Buying opportunities stacking up for Canterbury investors

Canterbury investors made up the second highest number of respondents in the recent Tony Alexander Investor Insight survey, reflecting how big property investment is in the region, although activity flies below the radar for much of the public.

Monday, July 25th 2022

More than 24% of existing property investors say they thinking about another property purchase in the coming year.

Investor interest in buying a new townhouse is back on its upward trend. The preference amongst those thinking about buying an existing property is strongly in favour of a standalone house.

The research highlights multiple different trends and patterns across the residential investment property sector, such as:

  • Almost 90% of investors with mortgages coming up for renewal intend fixing for one or two-years;
  • Increasing interest rates are not driving accelerated debt reduction of residential property investors;
  • The peak period of difficulty getting finance from banks was between October and February. Things have improved since then;
  • As ever, the biggest concerns of residential property investors are the new Government regulations favouring tenants and loss of ability to deduct interest payments from rental income;
  • Usually there are more people citing selling for retirement than for any other reason, and that remains the case this month for 37% of survey respondents;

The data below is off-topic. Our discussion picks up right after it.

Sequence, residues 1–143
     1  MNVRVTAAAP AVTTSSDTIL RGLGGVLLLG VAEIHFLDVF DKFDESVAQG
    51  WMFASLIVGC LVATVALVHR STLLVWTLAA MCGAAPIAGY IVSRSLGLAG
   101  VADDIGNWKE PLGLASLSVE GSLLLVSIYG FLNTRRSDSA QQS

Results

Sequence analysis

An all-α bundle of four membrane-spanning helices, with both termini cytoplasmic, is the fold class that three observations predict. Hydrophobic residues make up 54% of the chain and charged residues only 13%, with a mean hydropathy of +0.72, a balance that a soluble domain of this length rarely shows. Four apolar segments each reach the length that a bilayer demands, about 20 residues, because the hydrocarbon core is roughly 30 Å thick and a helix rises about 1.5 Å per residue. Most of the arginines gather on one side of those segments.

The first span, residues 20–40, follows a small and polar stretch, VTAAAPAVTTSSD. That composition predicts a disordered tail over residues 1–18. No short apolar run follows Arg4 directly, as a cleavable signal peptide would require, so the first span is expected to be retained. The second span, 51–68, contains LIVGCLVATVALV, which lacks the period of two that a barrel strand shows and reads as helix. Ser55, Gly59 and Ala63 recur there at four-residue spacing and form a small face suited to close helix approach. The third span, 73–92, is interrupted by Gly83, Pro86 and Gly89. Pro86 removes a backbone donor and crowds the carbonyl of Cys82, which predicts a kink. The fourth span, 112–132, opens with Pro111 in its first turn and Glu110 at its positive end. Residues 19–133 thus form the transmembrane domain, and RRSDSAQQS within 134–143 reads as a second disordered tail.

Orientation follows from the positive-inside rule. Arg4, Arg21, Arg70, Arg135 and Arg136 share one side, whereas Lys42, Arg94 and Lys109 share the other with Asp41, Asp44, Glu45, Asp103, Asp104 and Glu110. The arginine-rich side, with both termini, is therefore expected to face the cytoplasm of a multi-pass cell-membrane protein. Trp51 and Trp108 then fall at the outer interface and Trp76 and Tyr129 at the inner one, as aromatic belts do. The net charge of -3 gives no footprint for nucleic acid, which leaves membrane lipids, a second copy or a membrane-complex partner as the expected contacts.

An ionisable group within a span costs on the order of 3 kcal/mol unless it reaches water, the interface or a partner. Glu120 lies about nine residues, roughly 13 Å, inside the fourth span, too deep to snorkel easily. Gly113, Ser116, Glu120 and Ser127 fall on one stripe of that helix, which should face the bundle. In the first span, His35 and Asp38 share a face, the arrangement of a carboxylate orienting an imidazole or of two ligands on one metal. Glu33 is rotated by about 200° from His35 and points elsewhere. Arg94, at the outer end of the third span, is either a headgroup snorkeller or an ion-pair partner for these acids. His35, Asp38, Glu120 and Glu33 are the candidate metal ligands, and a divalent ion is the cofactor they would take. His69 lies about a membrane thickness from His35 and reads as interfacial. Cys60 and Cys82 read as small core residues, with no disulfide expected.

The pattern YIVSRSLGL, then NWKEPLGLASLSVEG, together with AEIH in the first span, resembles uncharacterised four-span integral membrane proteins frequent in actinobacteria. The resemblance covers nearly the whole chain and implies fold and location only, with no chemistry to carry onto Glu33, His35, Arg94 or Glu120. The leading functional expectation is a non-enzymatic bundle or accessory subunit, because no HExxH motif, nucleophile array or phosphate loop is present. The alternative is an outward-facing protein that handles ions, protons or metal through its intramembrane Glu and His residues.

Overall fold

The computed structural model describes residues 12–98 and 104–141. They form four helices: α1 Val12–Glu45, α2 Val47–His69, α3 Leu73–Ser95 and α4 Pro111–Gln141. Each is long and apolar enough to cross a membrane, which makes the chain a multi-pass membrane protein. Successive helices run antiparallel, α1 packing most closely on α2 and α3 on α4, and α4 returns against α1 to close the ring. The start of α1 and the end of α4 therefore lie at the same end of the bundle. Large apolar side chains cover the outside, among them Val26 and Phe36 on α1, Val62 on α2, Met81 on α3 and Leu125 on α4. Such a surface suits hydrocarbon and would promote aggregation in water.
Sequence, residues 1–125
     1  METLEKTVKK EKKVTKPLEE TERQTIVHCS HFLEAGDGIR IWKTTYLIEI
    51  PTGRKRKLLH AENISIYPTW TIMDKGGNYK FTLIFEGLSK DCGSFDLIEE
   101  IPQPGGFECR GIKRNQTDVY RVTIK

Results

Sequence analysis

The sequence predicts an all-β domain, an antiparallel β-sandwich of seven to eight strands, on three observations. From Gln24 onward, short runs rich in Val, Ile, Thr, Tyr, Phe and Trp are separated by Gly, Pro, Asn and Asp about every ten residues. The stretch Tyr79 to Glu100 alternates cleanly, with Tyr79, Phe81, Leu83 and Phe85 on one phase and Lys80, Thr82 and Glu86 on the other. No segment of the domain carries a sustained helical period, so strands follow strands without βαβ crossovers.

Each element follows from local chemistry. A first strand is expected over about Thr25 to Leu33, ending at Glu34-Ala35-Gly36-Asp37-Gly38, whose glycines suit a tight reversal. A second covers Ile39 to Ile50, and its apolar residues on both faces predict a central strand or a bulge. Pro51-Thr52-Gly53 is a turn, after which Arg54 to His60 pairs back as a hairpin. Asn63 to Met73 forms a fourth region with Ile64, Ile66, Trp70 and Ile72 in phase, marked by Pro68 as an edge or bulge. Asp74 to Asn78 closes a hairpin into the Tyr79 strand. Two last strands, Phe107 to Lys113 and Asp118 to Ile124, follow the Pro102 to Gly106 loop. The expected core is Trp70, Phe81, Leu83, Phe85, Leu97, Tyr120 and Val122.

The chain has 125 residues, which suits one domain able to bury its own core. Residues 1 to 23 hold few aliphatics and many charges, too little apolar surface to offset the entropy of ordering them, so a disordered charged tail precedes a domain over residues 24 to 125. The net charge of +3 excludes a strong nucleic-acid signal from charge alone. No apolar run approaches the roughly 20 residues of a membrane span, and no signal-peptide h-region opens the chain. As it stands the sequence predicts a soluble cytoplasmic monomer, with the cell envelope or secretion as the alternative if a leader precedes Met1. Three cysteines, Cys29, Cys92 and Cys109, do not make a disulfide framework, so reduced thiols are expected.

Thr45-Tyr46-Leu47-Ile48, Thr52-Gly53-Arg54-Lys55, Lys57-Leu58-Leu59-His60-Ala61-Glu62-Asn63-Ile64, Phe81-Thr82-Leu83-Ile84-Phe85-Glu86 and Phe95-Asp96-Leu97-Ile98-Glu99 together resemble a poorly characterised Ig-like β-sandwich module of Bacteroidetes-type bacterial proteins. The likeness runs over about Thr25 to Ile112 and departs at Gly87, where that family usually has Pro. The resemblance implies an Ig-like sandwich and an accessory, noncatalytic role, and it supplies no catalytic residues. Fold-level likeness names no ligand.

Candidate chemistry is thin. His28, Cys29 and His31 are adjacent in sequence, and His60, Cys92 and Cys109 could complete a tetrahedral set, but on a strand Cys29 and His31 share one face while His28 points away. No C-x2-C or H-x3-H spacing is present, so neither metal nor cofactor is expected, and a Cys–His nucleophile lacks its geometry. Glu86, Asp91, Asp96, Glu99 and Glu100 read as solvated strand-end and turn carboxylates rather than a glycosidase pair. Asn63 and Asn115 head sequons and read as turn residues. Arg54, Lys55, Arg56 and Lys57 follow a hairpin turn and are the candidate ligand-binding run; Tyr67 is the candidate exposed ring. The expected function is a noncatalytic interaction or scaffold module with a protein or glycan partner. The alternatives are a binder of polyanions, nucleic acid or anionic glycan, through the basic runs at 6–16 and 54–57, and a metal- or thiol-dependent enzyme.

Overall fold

• Interest rates for bank deposits remain low as an alternative investment option; and
  • The most common rent rise being contemplated by landlords is five percent.

Bayleys Canterbury residential investment leader Angela Webb says feedback from within her group’s buyer and vendor databases replicated the sentiments from the Investor Insight report.

In response to the underlying investor buyer demand Bayleys is running an investment auction on 4 August in Christchurch, bringing together 10 residential properties for sale.

Properties within the portfolio range from two- bedroom flats, through to six-bedroom student rentals, a community leased stand-alone house and an ‘as is, where is’ property.

Some of the homes are already tenanted – with the tenants indicating their intentions to stay on under any new ownership – while others have been made vacant so new owners can set their preferred rental rate.

A number of the listings have the opportunity to add value by reconfiguring layouts or undertaking refurbishments, while others are in a ‘turn-key’ state ready for new tenants.

Webb says most vendors are taking advantage of the considerable capital growth which has been achieved on their asset over the lifetime of ownership, and are now crystalizing that gain.

“Some have indicated they will use the proceeds to fund international travel, some are looking at paying of their personal home mortgages, and others are looking to pay down debt for retirement,” says Webb.

On the other side of the equation, Webb says the group has a strong network of ‘qualified’ first-time investors and experienced investors saying they are looking for ‘bricks and mortar’ investment assets in the city rather than the higher risk options offered by the share market, or the low rate of return options offered by bank deposit accounts.

“Owning residential real estate in Canterbury for investment purposes still remains a fundamentally sound decision when you look at the figures,” she says. In most cases, the yield will be higher than bank deposit interest rates.


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